The Tassel Shot: What is the Best Timing?

Erick Larson, State Extension Specialist - Grain Crops
By Erick Larson, State Extension Specialist - Grain Crops June 4, 2013 23:25

The Tassel Shot: What is the Best Timing?

SilkInterest in mid-season application of various inputs is certainly increasing as we try to improve efficiency and corn productivity through better management, different strategies and alternative products.  This naturally creates questions regarding the appropriate application timing to optimize crop response to various inputs, including nitrogen, foliar fertilizers, fungicides, or other products. Corn’s physiology is a primary factor determining how responsive the crop may be to most of these factors.

Corn physiological sensitivity to deficiencies, stress and photosynthetic
capability definitely varies with growth stage. Early reproductive growth stages, such as tassel (VT) or silk (R1) are the most sensitive to limitations, and plant tolerance generally increases as plants mature.  Reproductive stages are also generally more sensitive than vegetative stages, but issues at any stage may limit yield until physiological maturity occurs. Does this mean tassel stage is the best timing for various inputs?  Not necessarily, you also have to assess the crop condition.  This is best evaluated by field scouting or other means capable of identifying good crop health, or conversely limitations capable of reducing productivity.  If crop health is good prior to tassel (no nutrient deficiency or disease present), you wouldn’t expect the crop to be responsive to management timing at that specific growth stage. For example, ours and other Universities’ research shows automatic fungicide application at tassel stage is rarely going to improve corn yield or other plant attributes in the absence of foliar disease.  This doesn’t mean that fungicide application has no value for corn production. Our recommendation is to use routine field scouting to monitor the corn crop for threatening disease, and better justify fungicide use when there is a much higher likelihood of generating a profitable response.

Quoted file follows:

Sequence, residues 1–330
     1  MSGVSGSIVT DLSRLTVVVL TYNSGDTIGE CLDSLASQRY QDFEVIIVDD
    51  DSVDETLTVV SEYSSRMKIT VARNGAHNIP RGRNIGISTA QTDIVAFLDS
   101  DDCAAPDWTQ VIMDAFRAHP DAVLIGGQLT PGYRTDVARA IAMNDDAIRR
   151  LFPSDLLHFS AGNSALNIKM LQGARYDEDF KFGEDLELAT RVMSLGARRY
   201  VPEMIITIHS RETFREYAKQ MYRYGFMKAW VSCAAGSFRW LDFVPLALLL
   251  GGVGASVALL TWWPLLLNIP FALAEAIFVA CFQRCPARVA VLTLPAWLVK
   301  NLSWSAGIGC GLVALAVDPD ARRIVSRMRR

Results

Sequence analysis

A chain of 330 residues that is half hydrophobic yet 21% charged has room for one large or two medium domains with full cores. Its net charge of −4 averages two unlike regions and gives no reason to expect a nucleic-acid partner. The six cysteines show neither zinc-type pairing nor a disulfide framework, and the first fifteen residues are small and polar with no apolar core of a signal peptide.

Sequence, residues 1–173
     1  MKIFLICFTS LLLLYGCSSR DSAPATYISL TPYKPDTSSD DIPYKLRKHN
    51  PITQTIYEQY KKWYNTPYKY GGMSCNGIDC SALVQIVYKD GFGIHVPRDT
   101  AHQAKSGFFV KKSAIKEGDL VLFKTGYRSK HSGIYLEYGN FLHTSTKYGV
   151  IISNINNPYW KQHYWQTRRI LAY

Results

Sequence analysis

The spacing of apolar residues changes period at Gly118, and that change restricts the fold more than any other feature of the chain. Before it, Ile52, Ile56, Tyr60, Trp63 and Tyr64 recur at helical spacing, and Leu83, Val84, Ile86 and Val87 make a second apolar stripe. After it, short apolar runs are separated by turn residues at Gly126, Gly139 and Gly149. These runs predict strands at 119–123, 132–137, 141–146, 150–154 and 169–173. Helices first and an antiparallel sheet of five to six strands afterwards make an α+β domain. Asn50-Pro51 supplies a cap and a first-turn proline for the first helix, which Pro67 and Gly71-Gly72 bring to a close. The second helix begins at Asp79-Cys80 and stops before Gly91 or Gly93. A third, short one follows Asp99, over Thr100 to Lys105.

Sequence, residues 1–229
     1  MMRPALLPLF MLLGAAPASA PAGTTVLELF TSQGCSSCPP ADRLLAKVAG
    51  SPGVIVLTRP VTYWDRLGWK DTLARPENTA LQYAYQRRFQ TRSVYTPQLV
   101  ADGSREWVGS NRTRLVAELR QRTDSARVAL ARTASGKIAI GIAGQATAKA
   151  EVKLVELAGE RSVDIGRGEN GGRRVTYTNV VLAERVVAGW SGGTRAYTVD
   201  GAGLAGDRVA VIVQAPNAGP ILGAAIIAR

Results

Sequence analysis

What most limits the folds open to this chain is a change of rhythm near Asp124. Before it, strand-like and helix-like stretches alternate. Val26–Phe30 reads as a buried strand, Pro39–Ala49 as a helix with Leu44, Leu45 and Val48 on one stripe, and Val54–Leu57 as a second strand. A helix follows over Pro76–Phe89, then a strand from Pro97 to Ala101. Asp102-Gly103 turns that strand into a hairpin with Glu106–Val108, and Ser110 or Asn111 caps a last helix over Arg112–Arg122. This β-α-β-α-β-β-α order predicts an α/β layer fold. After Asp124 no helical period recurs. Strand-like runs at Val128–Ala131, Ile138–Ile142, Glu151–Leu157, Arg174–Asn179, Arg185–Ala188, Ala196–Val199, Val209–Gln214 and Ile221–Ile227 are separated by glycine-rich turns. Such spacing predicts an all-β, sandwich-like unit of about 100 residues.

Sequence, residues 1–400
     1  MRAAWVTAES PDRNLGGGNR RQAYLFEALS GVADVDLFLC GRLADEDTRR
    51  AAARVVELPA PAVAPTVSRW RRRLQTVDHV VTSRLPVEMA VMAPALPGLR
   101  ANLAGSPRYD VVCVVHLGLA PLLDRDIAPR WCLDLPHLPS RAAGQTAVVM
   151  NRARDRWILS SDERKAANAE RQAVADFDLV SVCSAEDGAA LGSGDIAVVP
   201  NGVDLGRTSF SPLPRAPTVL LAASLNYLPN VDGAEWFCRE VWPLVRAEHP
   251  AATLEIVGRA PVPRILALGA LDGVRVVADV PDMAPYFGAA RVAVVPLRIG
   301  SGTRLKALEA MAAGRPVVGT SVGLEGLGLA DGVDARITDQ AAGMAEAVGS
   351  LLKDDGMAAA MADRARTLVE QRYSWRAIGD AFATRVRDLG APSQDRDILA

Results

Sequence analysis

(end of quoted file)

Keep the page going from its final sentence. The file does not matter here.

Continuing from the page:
The topic generating the most discussion this season is supplemental nitrogen application near tassel. More growers likely plan a pre-tassel N application as a part of their standard program, but we have also experienced more nitrogen loss than recent years because of the persistent rain and saturated soils this spring. For more information about calculating N loss, refer to: http://www.mississippi-crops.com/2013/05/14/how-to-estimate-nitrogen-loss-resulting-from-saturated-soils/

TasselSo what is the appropriate timing for the â€œtassel shot” of N? Early season nitrogen loss may have some effect, but I will boil it down to two different scenarios. If your crop is currently dark green and healthy (where compaction and other by-products of wet conditions have not stunted plant growth) as it nears tassel stage, supplemental nitrogen timing should not be particularly critical, as long as it is available for plant use before it becomes limiting late in the season.  In other words, in this scenario, it is not necessary to sweat whether you apply supplemental nitrogen at V12, V15, tassel or even brown silk. On the other hand, if your crop shows signs of nitrogen deficiency (yellowing of lower leaves starting at the tips and progressing down the midrib in an inverted “V” pattern), it is critical to apply the nitrogen as soon as conditions warrant. You would like to incorporate the nitrogen into the soil ASAP, so that plants can pick it up and improve plant health well prior to the critical pollination time.

Rather than focusing efforts at the “magic growth stage,” it is normally much more important to let the crop dictate what it needs and when.  Realize corn yield reduction resulting from limitations gradually declines as the crop approaches maturity, but continues to occur all the way to physiological maturity.  The primary difference is that corn grain yield is normally not quite as vulnerable to stress as the crop approaches maturity.  If you need help assessing the degree of response likely from specific issues and timing, feel free to contact any of our crops team or myself for further assistance.

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Erick Larson, State Extension Specialist - Grain Crops
By Erick Larson, State Extension Specialist - Grain Crops June 4, 2013 23:25
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